What Is Pelvic Inflammatory Disease?
Pelvic inflammatory disease (PID) is an infection of the reproductive organs in women. The pelvis is in the lower abdomen and includes the fallopian tubes, the ovaries, the cervix, and the uterus.
Several different types of bacteria can cause PID, including the same bacteria that cause the sexually transmitted infections (STIs) gonorrhea and chlamydia. What commonly occurs is that bacteria first enter the vagina and cause an infection. As time passes, this infection can move into the pelvic organs.
PID can become extremely dangerous, even life-threatening, if the infection spreads to your blood. If you suspect that you may have an infection, see your doctor as soon as possible.
Risk Factors for Pelvic Inflammatory Disease:
Your risk of pelvic inflammatory disease increases if you have gonorrhea or chlamydia. However, you can develop PID without ever having an STI.
Other factors that can cause pelvic inflammatory disease include:
Having sex and being under the age of 25
Having sex with more than one person
Having sex without a condom
Using an intrauterine device (IUD) to prevent a pregnancy
Having an history of pelvic inflammatory disease
Symptoms of Pelvic Inflammatory Disease:
Some women with pelvic inflammatory disease don’t have symptoms.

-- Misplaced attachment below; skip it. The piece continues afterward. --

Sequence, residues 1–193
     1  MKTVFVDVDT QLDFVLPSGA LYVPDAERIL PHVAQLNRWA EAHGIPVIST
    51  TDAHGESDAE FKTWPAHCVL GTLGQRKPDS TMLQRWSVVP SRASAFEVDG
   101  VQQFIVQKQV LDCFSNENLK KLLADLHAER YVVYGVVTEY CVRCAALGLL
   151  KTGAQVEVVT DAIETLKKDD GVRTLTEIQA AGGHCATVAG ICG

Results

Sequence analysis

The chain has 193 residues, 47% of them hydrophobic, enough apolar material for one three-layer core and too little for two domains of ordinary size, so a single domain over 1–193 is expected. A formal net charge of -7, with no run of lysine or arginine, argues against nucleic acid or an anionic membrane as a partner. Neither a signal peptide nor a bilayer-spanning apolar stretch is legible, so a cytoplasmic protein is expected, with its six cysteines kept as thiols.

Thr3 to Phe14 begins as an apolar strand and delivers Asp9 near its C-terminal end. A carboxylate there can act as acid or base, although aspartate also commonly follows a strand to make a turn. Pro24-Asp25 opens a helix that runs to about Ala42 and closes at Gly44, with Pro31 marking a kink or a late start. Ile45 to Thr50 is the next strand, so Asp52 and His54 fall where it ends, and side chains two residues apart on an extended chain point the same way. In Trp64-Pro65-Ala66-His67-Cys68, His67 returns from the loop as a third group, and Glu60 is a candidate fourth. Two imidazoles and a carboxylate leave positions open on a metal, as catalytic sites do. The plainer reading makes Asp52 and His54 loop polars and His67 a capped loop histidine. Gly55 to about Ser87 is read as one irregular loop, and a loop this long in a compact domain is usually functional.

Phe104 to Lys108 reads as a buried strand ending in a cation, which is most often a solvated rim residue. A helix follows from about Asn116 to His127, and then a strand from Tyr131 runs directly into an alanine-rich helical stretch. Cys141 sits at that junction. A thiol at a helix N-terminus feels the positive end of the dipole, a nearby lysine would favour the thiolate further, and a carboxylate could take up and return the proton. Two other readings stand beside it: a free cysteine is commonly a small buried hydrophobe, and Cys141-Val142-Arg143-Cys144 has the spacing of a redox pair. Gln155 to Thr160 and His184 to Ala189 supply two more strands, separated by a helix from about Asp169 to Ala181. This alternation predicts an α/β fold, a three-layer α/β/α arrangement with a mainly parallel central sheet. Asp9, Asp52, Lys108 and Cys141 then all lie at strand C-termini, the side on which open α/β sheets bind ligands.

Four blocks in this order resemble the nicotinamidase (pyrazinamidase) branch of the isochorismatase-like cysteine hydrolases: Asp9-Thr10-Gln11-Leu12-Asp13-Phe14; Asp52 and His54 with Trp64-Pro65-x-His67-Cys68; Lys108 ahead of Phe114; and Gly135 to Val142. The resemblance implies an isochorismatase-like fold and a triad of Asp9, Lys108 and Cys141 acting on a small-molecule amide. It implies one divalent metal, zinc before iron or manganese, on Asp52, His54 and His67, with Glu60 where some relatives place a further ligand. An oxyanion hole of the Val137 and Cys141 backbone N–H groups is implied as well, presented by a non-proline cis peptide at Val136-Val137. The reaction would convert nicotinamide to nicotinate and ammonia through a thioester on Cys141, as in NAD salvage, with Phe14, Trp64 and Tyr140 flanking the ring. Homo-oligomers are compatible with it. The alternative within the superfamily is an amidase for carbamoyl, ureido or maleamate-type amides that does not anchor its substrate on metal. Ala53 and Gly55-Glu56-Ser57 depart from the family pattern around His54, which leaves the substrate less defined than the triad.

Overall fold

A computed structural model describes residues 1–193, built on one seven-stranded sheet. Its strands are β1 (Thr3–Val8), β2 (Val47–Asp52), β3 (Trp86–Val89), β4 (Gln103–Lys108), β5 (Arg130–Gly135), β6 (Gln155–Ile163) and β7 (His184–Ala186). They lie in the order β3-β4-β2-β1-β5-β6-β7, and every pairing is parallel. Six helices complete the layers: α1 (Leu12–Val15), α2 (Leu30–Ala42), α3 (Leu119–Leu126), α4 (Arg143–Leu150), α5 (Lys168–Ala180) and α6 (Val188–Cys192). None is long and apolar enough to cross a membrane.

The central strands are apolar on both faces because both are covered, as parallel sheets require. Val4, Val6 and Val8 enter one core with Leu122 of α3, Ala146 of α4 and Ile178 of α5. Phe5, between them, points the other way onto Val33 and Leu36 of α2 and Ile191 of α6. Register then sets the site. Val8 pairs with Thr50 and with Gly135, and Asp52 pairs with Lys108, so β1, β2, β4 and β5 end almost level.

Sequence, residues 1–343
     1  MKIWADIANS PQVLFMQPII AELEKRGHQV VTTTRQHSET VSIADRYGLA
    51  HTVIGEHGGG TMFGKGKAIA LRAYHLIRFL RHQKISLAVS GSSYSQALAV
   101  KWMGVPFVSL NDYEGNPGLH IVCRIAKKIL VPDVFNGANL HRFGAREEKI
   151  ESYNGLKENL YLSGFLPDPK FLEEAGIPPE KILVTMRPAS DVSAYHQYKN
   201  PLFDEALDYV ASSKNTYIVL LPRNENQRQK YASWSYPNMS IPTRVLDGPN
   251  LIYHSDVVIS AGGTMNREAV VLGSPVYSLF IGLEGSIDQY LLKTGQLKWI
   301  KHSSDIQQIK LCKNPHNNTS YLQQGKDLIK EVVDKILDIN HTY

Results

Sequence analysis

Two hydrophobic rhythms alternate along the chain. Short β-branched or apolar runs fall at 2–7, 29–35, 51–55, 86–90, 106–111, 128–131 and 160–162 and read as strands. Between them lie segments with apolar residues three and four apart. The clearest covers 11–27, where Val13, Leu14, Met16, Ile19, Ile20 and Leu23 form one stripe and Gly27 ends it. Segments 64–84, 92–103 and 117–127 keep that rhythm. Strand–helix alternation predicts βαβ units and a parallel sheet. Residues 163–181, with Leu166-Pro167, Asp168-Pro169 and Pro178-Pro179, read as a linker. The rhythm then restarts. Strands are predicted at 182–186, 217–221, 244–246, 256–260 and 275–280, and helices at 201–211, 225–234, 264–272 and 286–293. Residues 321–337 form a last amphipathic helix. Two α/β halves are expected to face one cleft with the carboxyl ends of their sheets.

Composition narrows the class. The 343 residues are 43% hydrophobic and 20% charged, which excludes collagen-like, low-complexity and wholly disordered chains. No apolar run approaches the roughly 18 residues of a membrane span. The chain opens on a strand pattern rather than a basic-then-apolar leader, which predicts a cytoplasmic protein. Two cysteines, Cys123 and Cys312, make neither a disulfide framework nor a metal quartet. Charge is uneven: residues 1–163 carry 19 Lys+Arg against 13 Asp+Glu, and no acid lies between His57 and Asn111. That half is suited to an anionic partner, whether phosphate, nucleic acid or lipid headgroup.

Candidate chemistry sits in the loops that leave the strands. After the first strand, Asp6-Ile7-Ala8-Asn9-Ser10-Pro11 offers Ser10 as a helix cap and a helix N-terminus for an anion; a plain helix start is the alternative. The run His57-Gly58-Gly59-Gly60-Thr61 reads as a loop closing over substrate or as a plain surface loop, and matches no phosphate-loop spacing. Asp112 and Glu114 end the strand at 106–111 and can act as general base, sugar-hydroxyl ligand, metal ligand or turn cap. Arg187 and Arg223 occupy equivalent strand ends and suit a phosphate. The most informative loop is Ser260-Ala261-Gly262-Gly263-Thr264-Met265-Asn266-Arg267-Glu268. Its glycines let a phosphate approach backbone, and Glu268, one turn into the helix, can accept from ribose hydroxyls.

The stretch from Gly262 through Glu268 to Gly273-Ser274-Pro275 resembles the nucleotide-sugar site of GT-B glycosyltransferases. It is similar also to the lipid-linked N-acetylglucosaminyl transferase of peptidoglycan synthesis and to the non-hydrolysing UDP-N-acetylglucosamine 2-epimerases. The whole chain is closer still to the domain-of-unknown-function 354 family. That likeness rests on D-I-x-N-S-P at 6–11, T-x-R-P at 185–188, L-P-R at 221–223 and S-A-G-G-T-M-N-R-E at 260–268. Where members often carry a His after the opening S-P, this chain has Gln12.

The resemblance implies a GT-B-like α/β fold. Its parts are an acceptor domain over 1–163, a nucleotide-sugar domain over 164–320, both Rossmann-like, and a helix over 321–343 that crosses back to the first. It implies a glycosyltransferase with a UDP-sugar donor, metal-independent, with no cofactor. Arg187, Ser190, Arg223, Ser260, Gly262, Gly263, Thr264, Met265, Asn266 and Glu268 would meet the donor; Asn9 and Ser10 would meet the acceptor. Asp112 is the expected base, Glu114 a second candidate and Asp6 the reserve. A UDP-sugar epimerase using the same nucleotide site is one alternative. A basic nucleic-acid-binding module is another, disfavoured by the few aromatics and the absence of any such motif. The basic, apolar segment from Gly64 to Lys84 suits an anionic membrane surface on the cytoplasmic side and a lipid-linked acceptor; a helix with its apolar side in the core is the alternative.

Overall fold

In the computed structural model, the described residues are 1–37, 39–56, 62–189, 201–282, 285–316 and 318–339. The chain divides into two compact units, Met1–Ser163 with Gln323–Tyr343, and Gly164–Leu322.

For the women who do have symptoms, these can include:
Pain in the lower abdomen (the most common symptom)
Pain in the upper abdomen
Increased or foul-smelling vaginal discharge
Pelvic inflammatory disease can cause mild or moderate pain.
However, some women have severe pain and symptoms, such as:
Sharp pain in the abdomen
A high fever (greater than 101 degrees Fahrenheit).
Ways to Prevent Pelvic Inflammatory Disease:
You can lower your risk of PID by:
Practicing safe sex
Getting tested for sexually transmitted infections
Wiping from front to back after using the bathroom to stop bacteria from entering your vagina
Long time Complications of Pelvic Inflammatory Disease:
Make a doctor’s appointment if you think that you have PID. Other conditions, such as a urinary tract infection, can feel like pelvic inflammatory disease. However, your doctor can test for PID and rule out other conditions.
If you don’t treat your PID, your symptoms can worsen and lead to problems, such as:
Infertility: Inability to conceive a child
Ectopic pregnancy: pregnancy that occurs outside the womb
Chronic pelvic pain: Pain in the lower abdomen caused by scarring of the fallopian tubes and other pelvic organs
The infection can also spread to other parts of your body. If it spreads to your blood, it can become life-threatening.
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